Nikola Mihov was a prominent Bulgarian army commander at the turn of the XX century. A career officer who managed to stay clear of politics in the turbulent 1930s, he ran the country's Military Academy till 1941. In 1942 he became a defence minister in Bulgaria's Nazi-allied government. In the summer of 1943 General Mihov was appointed as one of the three regents to the boy King Simeon after the death of his father King Boris.
Just over a year later, after the Communist takeover of Bulgaria, Nikola Mihov's fate took a dramatic turn – he was arrested, taken to the Soviet Union for questioning, then returned, put on show trial in Sofia and executed together with 96 other statesmen and prominent Bulgarians. They were all shot and buried in a mass grave on 1-2 February 1945.
Lyudmila Doytchinova was Nikola Mihov's niece. She remembered vividly the day her uncle vanished.
Filmed in Sofia, 2008
Mountainous area - straddles Bulgaria, Turkey and the Black Sea. For nearly fifty years the villages on the Bulgarian side were a remote outpost on the border with Turkey: right on the faultline which separated Communism from the rest of the world.
© Velislav Radev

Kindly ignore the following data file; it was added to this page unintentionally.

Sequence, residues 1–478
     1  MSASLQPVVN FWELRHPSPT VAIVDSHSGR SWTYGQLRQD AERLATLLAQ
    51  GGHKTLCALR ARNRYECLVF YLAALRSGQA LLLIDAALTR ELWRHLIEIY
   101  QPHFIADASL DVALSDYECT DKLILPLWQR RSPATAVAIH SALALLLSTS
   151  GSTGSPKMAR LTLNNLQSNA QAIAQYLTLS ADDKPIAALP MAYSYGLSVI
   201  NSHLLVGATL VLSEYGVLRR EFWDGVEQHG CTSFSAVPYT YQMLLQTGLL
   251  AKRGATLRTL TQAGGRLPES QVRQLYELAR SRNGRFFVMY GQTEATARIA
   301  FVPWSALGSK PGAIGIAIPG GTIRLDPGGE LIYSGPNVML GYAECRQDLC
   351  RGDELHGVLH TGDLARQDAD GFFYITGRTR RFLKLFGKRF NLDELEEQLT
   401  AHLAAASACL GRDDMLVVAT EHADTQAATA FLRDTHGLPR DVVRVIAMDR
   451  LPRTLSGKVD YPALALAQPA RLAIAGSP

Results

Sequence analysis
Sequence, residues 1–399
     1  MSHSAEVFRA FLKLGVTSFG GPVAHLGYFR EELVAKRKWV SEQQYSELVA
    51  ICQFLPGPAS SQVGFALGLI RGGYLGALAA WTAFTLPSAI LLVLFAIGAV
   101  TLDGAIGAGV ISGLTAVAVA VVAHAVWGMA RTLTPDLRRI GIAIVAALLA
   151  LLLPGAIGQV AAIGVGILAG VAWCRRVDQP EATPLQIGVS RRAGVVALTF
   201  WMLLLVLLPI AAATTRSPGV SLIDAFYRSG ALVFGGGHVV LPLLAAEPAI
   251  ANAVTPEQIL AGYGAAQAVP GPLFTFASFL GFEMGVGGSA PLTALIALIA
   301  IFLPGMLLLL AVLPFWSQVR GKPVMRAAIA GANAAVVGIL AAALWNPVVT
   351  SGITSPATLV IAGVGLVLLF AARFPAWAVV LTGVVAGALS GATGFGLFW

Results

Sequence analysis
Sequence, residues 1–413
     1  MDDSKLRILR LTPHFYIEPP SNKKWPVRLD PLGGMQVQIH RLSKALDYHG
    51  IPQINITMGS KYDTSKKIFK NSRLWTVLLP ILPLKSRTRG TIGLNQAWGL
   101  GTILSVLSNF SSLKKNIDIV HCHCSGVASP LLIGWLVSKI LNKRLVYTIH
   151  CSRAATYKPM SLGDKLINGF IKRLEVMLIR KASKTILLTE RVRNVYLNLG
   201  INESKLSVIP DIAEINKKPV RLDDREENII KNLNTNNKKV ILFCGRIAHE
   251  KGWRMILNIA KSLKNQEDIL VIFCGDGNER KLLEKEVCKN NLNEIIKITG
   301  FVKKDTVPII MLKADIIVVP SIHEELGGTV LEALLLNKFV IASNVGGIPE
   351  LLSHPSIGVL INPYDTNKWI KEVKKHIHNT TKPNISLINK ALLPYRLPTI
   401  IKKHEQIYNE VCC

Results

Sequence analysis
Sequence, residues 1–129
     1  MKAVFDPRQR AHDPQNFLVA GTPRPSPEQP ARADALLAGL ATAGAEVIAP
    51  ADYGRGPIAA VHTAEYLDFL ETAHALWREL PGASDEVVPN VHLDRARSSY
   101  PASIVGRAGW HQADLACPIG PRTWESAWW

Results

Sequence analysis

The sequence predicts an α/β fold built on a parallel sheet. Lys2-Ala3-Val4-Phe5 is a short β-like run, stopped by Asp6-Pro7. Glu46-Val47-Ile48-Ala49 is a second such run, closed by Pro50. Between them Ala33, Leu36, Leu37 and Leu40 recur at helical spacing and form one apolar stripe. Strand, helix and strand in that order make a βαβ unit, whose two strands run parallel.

The Bulgarian village of Brashlyan has always sat at a crossroads. For nearly fifty years it was a remote outpost on the border with Turkey -- right on the faultline which separated Communism from the rest of the world.
Brashlyan's elderly residents still share stories about the horrific and sometimes surreal efforts to protect Bulgaria's frontier. The derelict relics of that time are still there, but Brashlyan is looking for a new role in life. One of the villagers, Maria Kichukova tells us about its painful past and her big hopes for the future.
Българското село Бръшлян в полите на Странджа е винаги било на кръстопът. Близо 50 години то е изолиран, ”преден пост” на границата с Турция, която тогава дели комунизма от останалия свят.
Възрастните жители на Бръшлян все още разказват за зловещите, а понякога и почти сюрреалистични усилия да се опази българската граница. Овехтялите съоръжения от онова време са все още по местата си, но днес Бръшлян търси нов облик. Една от неговите жители, Мария Кичукова, разказва за болезненото минало и за големите си надежди към бъдещето.